synchrony between
20–30 Hz. Synchrony
between electrodes
is indicated by lines,
which are drawn
only if the synchrony
value is beyond a
probability of p <
• Notice the
widespread network
of synchronized
neurons in controls
Hipp et al. (2011) (JC-Th)
• High-density EEG recordings from human subjects
• The subjects’ task was to judge the configuration of an
ambiguous stimulus which consisted of two bars that
approach, briefly overlap and move apart from each
• The perception of this stimulus spontaneously alternates
between two distinct alternatives.
• In half of the trials, the two bars are perceived as two
independent objects passing one another (==two
independent neuronal ensembles = no synchronization).
• In the other half of trials, the two bars are perceived as a
single object with bouncing sides (think of a slinky; a
single neuronal ensemble  neurons synchronize in
• the extrastriate cortex, the posterior parietal, temporal and
prefrontal cortex, showed enhanced beta rhythm synchrony
during stimulus processing.
• the synchronicity between regions in beta frequency
predicted the subjects’ perception of the stimulus even on a
single-trial level!
• when beta frequency synchronization was enhanced, subjects
were more likely to perceive the same sensory stimulus as a
single bouncing object (encoded by a single synchronized
neuronal ensemble) rather than two bars passing each other
(encoded by two independent unsynchronized neuronal
• 2008 - Synchrony and
the binding problem in
macaque visual cortex
• They did not find strong
• “A limitation of our
study is also the use of a
behavioral task that
engaged attention at the
fixation target” – were
the monkeys perceiving
two objects? When I
attend to the fixation
point, it is much harder
for me to tell whether
there is one figure or
two figures present
Theta rhythms in
• Neural oscillations, in particular theta (4–7 Hz) activity, are
extensively linked to memory function. Theta rhythms are
very strong in rodent hippocampi and entorhinal cortex
during learning and memory retrieval.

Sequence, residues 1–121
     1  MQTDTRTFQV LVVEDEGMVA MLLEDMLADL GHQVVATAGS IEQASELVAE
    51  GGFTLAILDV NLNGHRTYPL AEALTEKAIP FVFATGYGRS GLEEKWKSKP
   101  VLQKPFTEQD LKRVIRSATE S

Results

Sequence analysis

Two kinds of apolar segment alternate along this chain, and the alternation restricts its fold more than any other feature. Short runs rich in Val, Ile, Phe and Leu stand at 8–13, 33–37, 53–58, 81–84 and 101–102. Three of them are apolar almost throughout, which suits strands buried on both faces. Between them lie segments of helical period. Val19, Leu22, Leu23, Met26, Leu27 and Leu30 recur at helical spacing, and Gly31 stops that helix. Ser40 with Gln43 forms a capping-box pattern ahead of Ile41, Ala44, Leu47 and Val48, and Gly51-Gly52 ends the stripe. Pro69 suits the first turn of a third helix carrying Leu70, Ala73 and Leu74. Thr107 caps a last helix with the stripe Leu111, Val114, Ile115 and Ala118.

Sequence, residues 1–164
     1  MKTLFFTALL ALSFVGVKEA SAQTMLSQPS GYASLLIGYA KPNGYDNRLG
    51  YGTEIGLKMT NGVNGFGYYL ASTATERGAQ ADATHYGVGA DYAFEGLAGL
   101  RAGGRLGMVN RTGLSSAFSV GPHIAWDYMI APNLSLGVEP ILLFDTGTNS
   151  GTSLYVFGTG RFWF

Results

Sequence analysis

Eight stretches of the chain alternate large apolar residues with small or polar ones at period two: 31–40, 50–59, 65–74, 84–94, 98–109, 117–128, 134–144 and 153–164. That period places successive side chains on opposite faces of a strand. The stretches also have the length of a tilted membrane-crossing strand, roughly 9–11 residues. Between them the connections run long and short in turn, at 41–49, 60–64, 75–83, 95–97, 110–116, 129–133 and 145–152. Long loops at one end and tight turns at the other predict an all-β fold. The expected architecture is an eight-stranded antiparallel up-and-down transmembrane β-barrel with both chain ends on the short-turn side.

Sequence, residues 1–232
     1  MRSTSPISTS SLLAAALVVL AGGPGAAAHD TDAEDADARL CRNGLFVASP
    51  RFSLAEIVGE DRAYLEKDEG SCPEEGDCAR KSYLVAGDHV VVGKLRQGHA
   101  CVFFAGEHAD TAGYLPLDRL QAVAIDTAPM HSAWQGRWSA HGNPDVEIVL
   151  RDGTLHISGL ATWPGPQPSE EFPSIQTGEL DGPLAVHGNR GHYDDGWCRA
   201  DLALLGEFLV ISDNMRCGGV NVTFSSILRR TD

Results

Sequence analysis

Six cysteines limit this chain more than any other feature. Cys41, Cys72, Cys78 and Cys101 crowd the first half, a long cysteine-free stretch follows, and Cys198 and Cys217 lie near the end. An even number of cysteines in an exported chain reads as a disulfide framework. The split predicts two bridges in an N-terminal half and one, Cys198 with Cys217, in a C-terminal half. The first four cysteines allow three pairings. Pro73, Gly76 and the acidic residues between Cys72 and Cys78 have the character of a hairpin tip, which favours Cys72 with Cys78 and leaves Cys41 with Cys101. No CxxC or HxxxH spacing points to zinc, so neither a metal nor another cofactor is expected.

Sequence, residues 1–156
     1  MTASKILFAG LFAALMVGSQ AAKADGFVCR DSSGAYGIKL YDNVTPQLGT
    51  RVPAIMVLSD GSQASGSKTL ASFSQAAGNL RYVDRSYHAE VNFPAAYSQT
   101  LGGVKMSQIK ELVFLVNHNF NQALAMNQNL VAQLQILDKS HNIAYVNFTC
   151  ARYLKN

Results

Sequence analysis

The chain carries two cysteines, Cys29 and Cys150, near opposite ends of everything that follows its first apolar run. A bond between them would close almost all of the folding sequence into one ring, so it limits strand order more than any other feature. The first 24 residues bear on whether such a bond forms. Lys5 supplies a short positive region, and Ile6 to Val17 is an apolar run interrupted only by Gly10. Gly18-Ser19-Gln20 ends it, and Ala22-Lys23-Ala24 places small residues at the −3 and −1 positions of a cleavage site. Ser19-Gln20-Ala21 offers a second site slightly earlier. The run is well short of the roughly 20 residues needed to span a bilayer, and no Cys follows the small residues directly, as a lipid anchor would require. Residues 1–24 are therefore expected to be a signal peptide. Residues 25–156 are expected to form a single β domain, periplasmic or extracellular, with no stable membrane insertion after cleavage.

• Theta rhythms are believed to be vital to the induction of
long-term potentiation, a cellular mechanism for learning
and memory.
• When people are finding their way or looking at something
novel (when they are learning), the theta rhythm is
particularly strong .
• The stronger theta oscillations are, the better the person
will remember the new material.
Theta in human
• EXPERIMENT: Rutishauser team used the implanted microelectrodes to
track electrical activity in the hippocampus and the amygdala as well
as local field potential in nine epileptics.
• Patients viewed 100 slides, each of which showed an image of a person, an
animal, or an everyday object such as a car or a tool. The patients had 1s to
remember each picture as best they could before the next one appeared.
• prominent theta activity when the patients were memorizing the images.
• The team later tested the patients’ recall by showing them a second set of
100 photographs, half of which were novel and half of which were repeats.
• On average, participants recognized 60% of the initial pictures.
• What predicted successful recall?
• The firing rate while a subject viewed an image during learning phase did
not predict whether or not the patient would later recall it.
• However, if a picture flashed on the screen at a moment when neuronal
spikes in the hippocampus lined up with the local theta rhythm, patients
were more likely to remember the image!
• Common knowledge: memory formation is
influenced by
– attention
– novelty
– emotional impact